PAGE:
+ Mayweather vs. McGregor pirated streams reach nearly 3M viewers. Illegal streams of the anticipated event were advertised on e-commerce sites including Amazon, eBay and Alibaba, according to digital security company Irdeto.
Elsewhere in TV...
► TV Planner: What's ahead this week. Narcos returns for a rebooted third season, Power and Twin Peaks wrap their seasons and Suits celebrates a milestone. Details.
► CBS to acquire Australia’s Network Ten. The deal, which thwarts Lachlan Murdoch's attempt to gain control of the broadcaster, will also see the launch of streaming service CBS All Access down under.
► Paramount Network unveils first Heathers promo. The show is described as a "pitch-black" comedic anthology and the footage includes one of most iconic quotes from the original cult favorite. Watch.
► Fox pilot watch: The Orville. Critic Daniel Fienberg takes an early look at an upcoming series that "isn't the Seth MacFarlane sci-fi comedy that Fox wants you to believe it is." Also: "It's not Galaxy Quest."
^Game of Thrones waiting game begins. Sunday night's finale could be the last for a long time. Production on the eighth season is slated to begin in October and run as late as August 2018, sources say. That could push the return of the six-episode final run into 2019 with a more than 16-month gap.
+ HBO programming president Casey Bloys: "Our production people are trying to figure out a timeline for the shoot and how much time the special effects take. The shooting is complicated enough — on different continents, with all the technical aspects — and the special effects are a whole other production period that we're trying to figure out. That is a big factor in all of this."
+ Finale showrunner chat. David Benioff and Dan Weiss both acknowledge the complicated nature of the reveal, with Weiss explaining why it was so challenging to craft the scene. Spoilers here.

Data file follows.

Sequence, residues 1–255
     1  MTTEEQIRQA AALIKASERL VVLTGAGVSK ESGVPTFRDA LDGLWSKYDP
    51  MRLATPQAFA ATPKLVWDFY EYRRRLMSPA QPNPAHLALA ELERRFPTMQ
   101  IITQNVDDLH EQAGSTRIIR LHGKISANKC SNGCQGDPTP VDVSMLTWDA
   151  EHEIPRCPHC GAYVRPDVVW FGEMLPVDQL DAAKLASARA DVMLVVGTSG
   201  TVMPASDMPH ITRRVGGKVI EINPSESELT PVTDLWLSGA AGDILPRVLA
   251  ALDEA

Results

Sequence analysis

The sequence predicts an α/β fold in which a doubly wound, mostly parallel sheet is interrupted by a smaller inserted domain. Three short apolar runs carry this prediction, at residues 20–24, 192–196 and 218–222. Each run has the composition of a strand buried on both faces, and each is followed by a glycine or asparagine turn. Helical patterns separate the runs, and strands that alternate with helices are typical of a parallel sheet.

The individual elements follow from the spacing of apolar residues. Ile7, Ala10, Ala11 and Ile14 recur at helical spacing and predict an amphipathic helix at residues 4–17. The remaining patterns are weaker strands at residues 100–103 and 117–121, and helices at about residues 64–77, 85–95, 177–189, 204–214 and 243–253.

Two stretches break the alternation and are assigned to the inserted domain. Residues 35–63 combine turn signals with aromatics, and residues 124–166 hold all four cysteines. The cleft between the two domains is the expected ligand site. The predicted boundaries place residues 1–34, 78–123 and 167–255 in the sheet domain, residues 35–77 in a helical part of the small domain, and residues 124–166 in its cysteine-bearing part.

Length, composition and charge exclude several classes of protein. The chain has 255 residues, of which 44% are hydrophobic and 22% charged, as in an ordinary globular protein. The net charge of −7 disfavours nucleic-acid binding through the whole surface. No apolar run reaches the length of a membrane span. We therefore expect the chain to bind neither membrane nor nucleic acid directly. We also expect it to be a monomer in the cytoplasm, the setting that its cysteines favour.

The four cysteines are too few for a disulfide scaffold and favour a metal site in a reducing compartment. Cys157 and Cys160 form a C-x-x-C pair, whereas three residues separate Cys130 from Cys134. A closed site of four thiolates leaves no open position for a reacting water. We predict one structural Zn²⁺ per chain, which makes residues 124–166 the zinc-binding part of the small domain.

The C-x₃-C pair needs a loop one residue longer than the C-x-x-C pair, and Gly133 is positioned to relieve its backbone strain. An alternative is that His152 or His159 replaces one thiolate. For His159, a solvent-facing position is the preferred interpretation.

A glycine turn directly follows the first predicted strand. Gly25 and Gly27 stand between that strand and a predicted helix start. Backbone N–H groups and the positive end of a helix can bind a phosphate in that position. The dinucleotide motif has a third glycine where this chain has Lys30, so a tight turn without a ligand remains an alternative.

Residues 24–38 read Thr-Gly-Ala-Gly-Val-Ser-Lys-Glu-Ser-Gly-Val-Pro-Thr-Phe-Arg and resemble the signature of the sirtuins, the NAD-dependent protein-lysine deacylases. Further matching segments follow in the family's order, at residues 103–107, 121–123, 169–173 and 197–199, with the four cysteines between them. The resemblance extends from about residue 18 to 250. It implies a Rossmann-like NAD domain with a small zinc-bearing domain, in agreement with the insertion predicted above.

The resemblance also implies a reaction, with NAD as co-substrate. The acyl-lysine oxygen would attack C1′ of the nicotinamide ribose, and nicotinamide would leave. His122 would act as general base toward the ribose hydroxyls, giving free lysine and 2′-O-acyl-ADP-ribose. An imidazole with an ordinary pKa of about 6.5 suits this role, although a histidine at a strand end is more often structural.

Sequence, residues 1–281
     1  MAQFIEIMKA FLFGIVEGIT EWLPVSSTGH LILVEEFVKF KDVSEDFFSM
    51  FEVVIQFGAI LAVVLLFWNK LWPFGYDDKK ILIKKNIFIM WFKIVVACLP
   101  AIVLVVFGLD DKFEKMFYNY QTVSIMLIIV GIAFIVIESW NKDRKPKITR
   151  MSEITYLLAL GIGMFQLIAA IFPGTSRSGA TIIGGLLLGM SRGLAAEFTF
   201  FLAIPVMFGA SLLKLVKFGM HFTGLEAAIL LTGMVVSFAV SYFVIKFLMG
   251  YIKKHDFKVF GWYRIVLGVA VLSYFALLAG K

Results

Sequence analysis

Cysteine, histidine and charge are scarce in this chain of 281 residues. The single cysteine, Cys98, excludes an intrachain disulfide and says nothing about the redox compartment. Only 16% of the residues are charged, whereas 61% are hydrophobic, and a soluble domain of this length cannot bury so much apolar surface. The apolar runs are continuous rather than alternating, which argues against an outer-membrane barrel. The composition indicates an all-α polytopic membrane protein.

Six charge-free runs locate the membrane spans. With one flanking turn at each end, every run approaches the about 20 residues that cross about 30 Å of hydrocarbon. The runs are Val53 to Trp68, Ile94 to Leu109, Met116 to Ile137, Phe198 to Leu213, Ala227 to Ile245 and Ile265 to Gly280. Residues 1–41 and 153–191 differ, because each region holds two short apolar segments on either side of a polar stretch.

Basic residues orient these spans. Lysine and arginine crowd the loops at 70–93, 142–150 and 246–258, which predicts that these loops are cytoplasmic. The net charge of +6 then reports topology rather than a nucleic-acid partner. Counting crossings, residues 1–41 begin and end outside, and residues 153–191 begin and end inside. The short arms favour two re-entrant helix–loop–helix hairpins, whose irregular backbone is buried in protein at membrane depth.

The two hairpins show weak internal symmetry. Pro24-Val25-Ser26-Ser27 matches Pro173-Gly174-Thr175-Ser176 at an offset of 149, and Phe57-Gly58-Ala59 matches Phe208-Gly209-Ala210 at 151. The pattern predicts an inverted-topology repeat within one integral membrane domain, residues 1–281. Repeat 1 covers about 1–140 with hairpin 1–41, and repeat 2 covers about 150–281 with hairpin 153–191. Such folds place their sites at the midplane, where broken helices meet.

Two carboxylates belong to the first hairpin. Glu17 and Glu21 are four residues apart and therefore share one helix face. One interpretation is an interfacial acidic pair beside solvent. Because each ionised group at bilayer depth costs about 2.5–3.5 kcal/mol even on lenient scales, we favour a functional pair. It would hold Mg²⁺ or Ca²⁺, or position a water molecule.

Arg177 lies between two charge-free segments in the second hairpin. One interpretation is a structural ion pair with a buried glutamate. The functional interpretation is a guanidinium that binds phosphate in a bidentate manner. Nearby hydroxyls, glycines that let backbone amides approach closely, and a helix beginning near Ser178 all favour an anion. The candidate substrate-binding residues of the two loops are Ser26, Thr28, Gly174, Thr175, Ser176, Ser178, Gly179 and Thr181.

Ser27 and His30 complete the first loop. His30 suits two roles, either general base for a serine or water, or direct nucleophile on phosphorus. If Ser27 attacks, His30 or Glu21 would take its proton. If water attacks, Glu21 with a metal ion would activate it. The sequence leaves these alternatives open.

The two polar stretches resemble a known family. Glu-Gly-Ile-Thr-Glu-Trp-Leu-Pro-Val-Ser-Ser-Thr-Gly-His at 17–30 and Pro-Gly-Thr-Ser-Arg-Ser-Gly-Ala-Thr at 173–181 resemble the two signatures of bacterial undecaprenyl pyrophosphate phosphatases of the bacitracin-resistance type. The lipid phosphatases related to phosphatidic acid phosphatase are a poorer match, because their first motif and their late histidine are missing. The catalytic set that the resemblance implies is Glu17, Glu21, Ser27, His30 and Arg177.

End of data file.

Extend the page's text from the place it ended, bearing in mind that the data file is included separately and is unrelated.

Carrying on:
+ Actor chat Liam Cunningham. The actor who plays Ser Davos Seaworth shares his perspective on where the show will go in its final six episodes, and his expectations for the mood for its imminent final table read. Full Q&A.
Reminder: Emmy voting ends today. As awards voting heads into its final 24 hours, here's where the competitive television race stands today in the latest Feinberg Forecast and a rundown of who should win and who will win honors in September.
Looking past summer already? Here's a comprehensive look at this fall's buzzy sequels, notable biopics and a slew of Oscar contenders that are hitting the big screen. Full list.
What else we're reading...
— "Off with her head." Yashar Ali writes: "Kathy Griffin lost jobs, money, and friends after releasing a provocative image of President Trump. But the comedian refuses to bend the knee." [The Cut]
— "How do you make a TV show set in the West Bank?" David Remnick writes: "What the thriller Fauda reveals about what Israelis will watch - and what they won’t." [The New Yorker]
— "The poetic work of trailer recutters." Patton Oswalt writes: "Online, would-be film editors and directors make new teasers for classic movies, and sometimes they kick loose aesthetic revelation." [The New Yorker]
— "A game you can control with your mind." Cade Metz reports: "A number of companies are working on ways to control machines simply with a thought. But they are likely to be met with skepticism." [The New York Times]
— "Kelly Kahl kept his eye on the prize at CBS." Stephen Battaglio profiles the CBS entertainment president, whose "skills as a network TV scheduler were developed during his years growing up in Burlington, Wis." [The Los Angeles Times]
Today's birthdays: Armie Hammer, 31, Jack Black, 48, Shania Twain, 52, David Fincher, 55, Jennifer Coolidge, 56, Daniel Stern, 60, Luis Guzmán, 61.